Many of you will know of the tragic and horrifying fire in Grenfell Tower, a tower block in London a few days ago. While my heart goes out to the people involved and their families, I was especially saddened to learn of the death of the Photographer Khadija Saye. I hope that you will take the opportunity to click on the links above and below to show what we have lost.
It's unusual enough (Though it shouldn't be) to celebrate a rising photographic talent who is female and African, but to have to do that in the context of her unnecessary death is tragic beyond belief. Some of her images are special and I especially like these collections.
This death of a talented visual artist was made even more poignant because of the circumstances in which it occurred. Those of you who have seen the truly shocking images of the fire and how quickly it spread, plus how the building looks now and the carnage it caused may well, like me, have a sense of anger at how this was let happen. The UK is the fifth richest economy in the world and the tower block was in the richest borough in London, with house prices apparently the most expensive in the world. Yet it seems that cost cutting and compromises in the construction of the tower show that those who currently govern the UK, at a national and local level, seem to treat those who are, in cash terms, poor with a disdain and lack of respect that verges on the criminal. This government and council allows super wealthy foreign investors to buy up property and leave it empty for speculation and yet aren't even prepared to pay for the basic fire prevention measures that would have saved many lives.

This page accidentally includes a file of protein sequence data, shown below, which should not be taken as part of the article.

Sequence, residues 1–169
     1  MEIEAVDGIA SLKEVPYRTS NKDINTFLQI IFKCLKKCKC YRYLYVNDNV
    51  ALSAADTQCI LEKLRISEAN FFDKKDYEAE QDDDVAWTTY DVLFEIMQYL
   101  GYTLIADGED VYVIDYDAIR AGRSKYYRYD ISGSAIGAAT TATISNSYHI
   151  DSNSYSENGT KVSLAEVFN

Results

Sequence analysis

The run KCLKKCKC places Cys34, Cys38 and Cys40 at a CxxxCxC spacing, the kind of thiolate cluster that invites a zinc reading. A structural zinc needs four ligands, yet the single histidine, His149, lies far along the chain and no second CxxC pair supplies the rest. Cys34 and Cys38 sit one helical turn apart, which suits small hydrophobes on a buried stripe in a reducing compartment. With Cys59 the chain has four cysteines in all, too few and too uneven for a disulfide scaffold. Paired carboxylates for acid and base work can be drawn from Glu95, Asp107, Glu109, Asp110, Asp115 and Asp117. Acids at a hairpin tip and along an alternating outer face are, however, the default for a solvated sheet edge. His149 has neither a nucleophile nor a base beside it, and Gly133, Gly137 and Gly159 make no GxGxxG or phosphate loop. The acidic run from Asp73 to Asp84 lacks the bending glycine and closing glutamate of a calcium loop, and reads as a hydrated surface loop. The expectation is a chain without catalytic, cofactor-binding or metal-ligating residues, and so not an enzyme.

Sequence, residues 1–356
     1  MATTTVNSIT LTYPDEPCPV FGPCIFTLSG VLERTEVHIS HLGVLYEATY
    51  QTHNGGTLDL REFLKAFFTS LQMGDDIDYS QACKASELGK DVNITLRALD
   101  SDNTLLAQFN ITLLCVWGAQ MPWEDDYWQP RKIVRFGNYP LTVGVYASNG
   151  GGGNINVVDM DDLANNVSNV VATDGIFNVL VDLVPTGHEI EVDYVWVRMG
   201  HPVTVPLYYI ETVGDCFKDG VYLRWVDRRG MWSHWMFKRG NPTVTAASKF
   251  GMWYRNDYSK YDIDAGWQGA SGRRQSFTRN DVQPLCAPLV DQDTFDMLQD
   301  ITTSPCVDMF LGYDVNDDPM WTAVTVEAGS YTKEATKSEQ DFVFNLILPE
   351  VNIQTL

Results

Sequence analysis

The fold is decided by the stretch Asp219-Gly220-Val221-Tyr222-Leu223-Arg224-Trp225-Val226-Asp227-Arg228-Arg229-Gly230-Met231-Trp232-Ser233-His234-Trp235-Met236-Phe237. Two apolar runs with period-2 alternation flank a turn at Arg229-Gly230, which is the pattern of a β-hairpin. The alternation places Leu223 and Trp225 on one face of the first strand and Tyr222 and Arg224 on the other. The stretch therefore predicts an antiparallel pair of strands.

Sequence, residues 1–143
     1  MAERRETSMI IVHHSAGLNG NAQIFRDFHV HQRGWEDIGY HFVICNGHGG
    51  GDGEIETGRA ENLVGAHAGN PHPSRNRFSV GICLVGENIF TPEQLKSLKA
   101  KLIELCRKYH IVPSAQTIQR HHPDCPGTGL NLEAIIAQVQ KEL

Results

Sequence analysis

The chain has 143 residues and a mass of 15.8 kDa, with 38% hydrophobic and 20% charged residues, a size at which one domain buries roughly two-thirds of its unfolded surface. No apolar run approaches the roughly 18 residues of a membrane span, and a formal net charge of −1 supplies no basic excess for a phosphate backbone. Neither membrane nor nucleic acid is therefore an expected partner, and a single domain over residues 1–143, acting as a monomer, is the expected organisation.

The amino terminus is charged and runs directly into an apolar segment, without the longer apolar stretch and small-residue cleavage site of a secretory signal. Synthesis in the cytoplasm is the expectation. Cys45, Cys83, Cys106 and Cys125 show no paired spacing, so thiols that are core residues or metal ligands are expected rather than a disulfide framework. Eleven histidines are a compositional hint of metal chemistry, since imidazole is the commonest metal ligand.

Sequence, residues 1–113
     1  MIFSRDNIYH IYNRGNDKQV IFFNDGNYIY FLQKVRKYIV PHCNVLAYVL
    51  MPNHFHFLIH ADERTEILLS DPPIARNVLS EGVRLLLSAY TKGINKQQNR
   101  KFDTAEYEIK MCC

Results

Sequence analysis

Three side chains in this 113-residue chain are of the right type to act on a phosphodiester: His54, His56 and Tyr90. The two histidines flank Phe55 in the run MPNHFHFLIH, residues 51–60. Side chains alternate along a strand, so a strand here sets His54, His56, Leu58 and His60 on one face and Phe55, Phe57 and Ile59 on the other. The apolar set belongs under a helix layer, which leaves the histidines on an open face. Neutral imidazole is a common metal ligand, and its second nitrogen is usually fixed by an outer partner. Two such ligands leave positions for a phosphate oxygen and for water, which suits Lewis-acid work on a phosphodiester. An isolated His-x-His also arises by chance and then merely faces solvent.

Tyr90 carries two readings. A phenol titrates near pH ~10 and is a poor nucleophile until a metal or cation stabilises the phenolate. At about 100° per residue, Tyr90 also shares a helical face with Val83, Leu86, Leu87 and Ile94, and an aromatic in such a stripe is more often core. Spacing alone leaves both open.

And while I condemn this attitude on behalf of all the victims of this terrible disaster, I was reminded of my own attempts to become a career photographer and not having much money to carry that out as i wanted. I can't imagine the horror of the situation in which Khadija Saye died and I hope at least that when the causes of the fire are investigated, she will get some justice. However, that may take time and as ever many of those who are really responsible may evade the punishment they deserve.
This has been a summer of unnecessary death in the UK and I doubt the spectres of religious and racial hatred and the heartlessness which seems to fuel some of our political parties is done with us yet. I am glad that Khadija Saye has left us a body of work that we can appreciate, but I am horrified, saddened and VERY angry that she will not be able to create any more.